Rushmore, directed by Wes Anderson is a wonderfully strange movie
whose strangeness is what makes it worth seeing. Its main character is Max
Fischer (Jason Schwartzman), a precocious 15-year old student at a posh
prep-school called Rushmore Academy. He is there on scholarship as his father,
wonderfully played by Seymour Cassel is a barber who clearly looks with
admiration and awe upon his talented and brainy son. But Max is unfortunately
not nearly so talented in his academic work as he is as a mover and operator in
practically every extracurricular club and society that Rushmore has to offer.
In fact, he spends all his time in extracurricular activities and flattering the
sexy divorced mother of his younger
partner,” Dirk (Mason Gamble), in the
vain hope of receiving romantic, or at least sexual, attention from her. As a
result, he has to be placed on “sudden
death academic probation” by the
headmaster, Dr Guggenheim (Brian Cox).

At about the same time he meets the millionaire father of two of his most
mindless and moronic classmates, a sad but very funny guy called Mr Blume (Bill
Murray), and a very attractive young widow called Miss Cross (Olivia Williams)
who teaches first grade in the school and upon whom he immediately develops a
monster crush. Mr Blume is impressed by
Max’s entrepreneurial and managerial
talents and offers him a job while Miss Cross, thinking the disparity in their
ages too obviously a romantic obstacle to be worried about him, consents to be
Max’s friend. But soon she has to be
more openly and brutally discouraging to him and, to make matters worse, begins
an affair with Mr Blume, whom Max now regards as his mortal enemy.

What I liked about his film was its portrait of youth against type. Max with
his thick glasses and his obvious self-identification with the stuffy
prep-school and its traditions is bravely and unashamedly uncool. When Mr Blume,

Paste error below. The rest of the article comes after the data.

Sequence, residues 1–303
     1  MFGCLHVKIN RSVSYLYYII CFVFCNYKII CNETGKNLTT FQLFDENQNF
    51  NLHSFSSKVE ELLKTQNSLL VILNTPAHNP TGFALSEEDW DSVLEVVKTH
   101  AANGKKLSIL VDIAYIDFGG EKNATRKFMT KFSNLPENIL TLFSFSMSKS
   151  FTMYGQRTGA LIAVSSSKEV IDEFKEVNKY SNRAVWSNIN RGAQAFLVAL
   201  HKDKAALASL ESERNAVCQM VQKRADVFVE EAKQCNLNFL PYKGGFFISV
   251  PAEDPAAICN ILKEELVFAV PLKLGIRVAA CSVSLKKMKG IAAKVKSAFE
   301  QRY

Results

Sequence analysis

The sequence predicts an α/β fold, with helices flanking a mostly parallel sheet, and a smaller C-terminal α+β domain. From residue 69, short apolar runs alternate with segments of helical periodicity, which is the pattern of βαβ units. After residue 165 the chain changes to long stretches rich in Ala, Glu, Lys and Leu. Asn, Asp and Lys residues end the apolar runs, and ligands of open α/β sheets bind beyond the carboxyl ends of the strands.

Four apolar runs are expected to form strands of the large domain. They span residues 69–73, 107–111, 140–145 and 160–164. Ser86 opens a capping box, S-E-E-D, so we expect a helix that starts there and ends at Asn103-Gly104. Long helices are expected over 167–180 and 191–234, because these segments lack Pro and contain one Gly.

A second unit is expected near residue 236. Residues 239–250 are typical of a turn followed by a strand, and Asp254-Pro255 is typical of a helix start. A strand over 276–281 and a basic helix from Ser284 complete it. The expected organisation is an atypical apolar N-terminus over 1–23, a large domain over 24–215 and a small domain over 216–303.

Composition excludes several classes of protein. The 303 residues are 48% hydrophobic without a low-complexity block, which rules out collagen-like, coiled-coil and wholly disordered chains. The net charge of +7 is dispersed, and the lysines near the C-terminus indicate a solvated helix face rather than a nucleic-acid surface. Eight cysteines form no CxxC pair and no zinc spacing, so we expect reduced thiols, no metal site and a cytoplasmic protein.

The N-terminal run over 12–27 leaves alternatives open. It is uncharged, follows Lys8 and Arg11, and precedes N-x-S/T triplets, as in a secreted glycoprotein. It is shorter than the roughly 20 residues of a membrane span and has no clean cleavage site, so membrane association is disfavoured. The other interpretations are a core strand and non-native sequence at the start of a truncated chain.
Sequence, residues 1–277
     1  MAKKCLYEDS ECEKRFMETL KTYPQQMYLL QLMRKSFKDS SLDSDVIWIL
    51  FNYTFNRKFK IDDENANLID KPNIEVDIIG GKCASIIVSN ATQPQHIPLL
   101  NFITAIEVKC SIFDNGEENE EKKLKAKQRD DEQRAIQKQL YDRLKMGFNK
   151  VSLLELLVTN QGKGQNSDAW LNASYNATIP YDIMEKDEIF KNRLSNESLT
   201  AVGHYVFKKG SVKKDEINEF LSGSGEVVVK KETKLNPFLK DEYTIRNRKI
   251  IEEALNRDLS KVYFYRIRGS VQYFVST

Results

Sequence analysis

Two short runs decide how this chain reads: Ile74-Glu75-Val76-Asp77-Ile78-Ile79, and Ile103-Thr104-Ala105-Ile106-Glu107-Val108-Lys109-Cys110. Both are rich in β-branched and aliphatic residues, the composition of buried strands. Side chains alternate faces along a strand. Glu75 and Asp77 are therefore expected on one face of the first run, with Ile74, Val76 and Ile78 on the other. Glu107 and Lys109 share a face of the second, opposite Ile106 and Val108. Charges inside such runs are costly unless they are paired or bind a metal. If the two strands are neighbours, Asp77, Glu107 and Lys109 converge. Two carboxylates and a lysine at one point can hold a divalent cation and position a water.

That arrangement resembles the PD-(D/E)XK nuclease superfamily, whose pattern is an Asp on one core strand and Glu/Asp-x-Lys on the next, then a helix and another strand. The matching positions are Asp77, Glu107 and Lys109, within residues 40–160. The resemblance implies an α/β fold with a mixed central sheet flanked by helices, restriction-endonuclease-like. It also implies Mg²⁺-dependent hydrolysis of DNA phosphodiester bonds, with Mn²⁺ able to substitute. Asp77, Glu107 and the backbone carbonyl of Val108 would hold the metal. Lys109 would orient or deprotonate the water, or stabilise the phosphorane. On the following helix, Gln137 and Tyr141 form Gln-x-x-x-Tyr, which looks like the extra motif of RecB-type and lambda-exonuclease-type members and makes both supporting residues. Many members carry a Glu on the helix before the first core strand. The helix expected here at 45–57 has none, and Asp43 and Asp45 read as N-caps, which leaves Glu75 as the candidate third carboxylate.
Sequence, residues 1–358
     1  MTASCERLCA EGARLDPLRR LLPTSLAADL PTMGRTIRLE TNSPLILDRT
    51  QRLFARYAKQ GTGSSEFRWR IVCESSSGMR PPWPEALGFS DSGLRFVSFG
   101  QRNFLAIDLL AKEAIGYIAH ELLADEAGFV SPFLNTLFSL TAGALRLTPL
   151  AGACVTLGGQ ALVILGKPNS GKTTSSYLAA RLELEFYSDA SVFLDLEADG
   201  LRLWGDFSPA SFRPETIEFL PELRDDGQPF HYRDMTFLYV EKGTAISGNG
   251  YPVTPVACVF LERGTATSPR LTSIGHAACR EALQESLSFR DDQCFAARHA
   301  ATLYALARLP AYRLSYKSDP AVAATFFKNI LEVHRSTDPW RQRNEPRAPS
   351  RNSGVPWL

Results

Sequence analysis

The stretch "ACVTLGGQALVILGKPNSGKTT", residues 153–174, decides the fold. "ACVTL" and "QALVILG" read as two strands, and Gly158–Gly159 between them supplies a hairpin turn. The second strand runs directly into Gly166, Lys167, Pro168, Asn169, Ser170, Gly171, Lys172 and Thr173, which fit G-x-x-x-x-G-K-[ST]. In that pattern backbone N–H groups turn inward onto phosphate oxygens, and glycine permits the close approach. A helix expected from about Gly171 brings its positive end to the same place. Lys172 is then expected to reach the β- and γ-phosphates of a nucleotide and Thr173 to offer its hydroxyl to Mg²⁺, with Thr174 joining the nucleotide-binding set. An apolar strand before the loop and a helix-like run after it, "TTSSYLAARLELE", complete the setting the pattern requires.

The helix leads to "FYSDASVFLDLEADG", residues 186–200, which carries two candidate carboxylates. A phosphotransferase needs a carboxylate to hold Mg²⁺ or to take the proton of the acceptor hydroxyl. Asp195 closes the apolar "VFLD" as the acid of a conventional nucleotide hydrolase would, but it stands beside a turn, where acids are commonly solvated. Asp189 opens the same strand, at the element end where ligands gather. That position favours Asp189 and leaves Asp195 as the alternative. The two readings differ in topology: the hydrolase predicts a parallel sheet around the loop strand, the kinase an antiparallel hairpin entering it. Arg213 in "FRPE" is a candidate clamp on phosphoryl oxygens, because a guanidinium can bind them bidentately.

who is as lost a soul as only Bill Murray can make him, asks Max
the secret?” since he, Max, seems to
have “got it figured
out,” Max tells him:
“Find what you like to do and do it
for the rest of your life. For me it’s
going to Rushmore.” Is this guy for
real? Moreover, where it seems to be the ambition of everyone in America born
since the war to remain a child for as long as possible, Max
can’t wait to grow up. Indeed, he
stubbornly refuses to recognize that he is not already grown up, and the equal
of Mr Blume in rivalry for Miss
Cross’s affections. Here is a film
which presents us with an image of American adolescence which is the more
compelling as it is patently unreal.

I think in the end the film is a little too busy, with stories about Dirk and
his mother, a bully called Buchan (Stephen McCole) and a girl called Margaret
Yang (Sara Tanaka) too often tending to trip over one another and the main
narrative lines. In particular, I think we see too little of Margaret, who seems
an interesting character in her own right, and not enough is made of
Max’s brief sojourn in a public
school. But these are minor quibbles, and I have to say that I enjoyed the thing
from beginning to end.

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